Special Issue "Immune Dysfunction in Uremia"
Deadline for manuscript submissions: closed (31 March 2020).
Interests: uremia; chronic kidney disease; hemodialysis; adequacy of dialysis; acute kidney injury
Special Issues and Collections in MDPI journals
Interests: uremic toxins, neutrophils, apoptosis, NETosis
Cardiovascular disease as a consequence of inflammation and infections is the main cause for the increased occurrence of morbidity and mortality among patients with chronic kidney disease (CKD). Both complications are directly or indirectly linked to a compromised immune defense, innate as well as adaptive. The specific coordinated roles of neutrophils, monocytes/macrophages, lymphocytes, and antigen-presenting cells in maintaining an efficient immune response are affected. Furthermore, a state of genomic instability with declining kidney function may lead to the genomic damage and dysfunction of immune cells.
Kidney dysfunction leads to impaired glomerular filtration, resulting in the retention of toxic solutes affecting all organs of the body, inducing both primary activation of the immune system and lack of responsiveness when confronted with infection or other foreign stimuli. In CKD, proteins may become irreversibly changed by posttranslational modifications, resulting in an altered effect on the immune response. Uremic toxins may also be generated or introduced into the body via the intestine. Acute renal failure has a severe impact on the immune system as well, both on the molecular (e.g., complement, cytokines, and lymphocytes) and the cellular level (e.g., neutrophils, macrophages, lymphocytes).
Kidney replacement therapies per se may adversely affect the immune system. Critical evaluation and systematic design of preventive and therapeutic interventions for patients with kidney disease will help to develop novel therapeutic strategies to improve immune response. Kidney transplantation may reverse uremia-related defects but also induce immune dysfunction by immunosuppressive therapy. In addition to impaired glomerular filtration, disturbed metabolic activities of the kidney per se may be involved in manifestations of the uremic syndrome. Several substances that are produced by the kidneys, such as erythropoietin, calcitriol, and renin, affect the immune system.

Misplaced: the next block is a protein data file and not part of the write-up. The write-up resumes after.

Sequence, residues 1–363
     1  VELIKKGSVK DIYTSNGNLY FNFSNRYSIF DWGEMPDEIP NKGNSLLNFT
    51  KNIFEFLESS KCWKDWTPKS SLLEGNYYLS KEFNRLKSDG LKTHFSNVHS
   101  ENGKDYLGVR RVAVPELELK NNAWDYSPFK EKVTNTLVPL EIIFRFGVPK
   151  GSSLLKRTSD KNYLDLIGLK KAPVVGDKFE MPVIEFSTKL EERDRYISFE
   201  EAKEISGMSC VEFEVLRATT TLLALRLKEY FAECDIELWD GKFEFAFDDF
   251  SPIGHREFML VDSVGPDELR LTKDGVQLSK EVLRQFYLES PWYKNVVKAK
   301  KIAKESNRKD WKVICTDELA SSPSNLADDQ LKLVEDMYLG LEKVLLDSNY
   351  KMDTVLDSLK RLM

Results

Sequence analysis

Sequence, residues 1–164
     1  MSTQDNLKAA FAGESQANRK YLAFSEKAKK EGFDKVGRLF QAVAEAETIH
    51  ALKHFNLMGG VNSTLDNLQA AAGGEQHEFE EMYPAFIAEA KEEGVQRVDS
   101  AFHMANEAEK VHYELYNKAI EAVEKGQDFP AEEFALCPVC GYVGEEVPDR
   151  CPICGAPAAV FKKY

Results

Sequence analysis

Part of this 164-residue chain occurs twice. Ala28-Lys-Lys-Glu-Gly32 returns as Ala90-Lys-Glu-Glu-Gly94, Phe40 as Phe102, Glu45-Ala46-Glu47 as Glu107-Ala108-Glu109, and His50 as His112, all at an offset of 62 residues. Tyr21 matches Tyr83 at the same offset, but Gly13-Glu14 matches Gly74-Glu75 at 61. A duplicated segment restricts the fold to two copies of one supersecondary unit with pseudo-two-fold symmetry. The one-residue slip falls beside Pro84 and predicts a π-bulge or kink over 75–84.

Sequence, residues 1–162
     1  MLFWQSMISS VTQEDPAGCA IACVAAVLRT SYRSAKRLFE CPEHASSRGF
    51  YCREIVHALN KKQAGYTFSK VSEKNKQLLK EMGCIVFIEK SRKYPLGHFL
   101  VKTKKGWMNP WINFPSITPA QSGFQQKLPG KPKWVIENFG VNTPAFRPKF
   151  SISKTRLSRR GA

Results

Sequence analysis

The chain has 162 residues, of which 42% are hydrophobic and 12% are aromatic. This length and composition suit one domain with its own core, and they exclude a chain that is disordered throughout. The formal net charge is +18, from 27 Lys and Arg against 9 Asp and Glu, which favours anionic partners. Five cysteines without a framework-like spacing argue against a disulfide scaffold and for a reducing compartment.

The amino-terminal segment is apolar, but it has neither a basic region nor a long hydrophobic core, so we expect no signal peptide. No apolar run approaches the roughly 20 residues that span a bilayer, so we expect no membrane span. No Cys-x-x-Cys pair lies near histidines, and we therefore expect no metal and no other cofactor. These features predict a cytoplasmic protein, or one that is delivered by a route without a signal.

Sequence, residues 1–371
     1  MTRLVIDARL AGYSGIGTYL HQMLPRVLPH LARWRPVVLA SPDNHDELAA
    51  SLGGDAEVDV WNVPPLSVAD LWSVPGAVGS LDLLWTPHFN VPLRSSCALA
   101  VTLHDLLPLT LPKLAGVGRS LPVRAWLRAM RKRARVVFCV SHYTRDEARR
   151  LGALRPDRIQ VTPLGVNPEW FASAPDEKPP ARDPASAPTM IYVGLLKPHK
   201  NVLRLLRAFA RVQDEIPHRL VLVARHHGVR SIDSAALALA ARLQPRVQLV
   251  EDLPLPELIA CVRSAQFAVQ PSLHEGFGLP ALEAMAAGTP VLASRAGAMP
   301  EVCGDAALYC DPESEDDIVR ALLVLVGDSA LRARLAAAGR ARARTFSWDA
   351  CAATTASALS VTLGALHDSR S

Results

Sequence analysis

The focus of this Special Issue of Toxins will be on the interrelated factors interfering with the immune response in patients with kidney dysfunction.
Prof. Dr. R. Vanholder
Prof. Dr. Gerald Cohen
Manuscript Submission Information
Manuscripts should be submitted online at www.mdpi.com by registering and logging in to this website. Once you are registered, click here to go to the submission form. Manuscripts can be submitted until the deadline. All papers will be peer-reviewed. Accepted papers will be published continuously in the journal (as soon as accepted) and will be listed together on the special issue website. Research articles, review articles as well as short communications are invited. For planned papers, a title and short abstract (about 100 words) can be sent to the Editorial Office for announcement on this website.
Submitted manuscripts should not have been published previously, nor be under consideration for publication elsewhere (except conference proceedings papers). All manuscripts are thoroughly refereed through a double-blind peer-review process. A guide for authors and other relevant information for submission of manuscripts is available on the Instructions for Authors page. Toxins is an international peer-reviewed open access monthly journal published by MDPI.
Please visit the Instructions for Authors page before submitting a manuscript. The Article Processing Charge (APC) for publication in this open access journal is 2400 CHF (Swiss Francs). Submitted papers should be well formatted and use good English. Authors may use MDPI's English editing service prior to publication or during author revisions.
- Acute renal failure
- Antigen-presenting cells
- Cardiovascular disease
- Chronic kidney disease
- Kidney transplantation
- Peritoneal dialysis
- Uremic toxins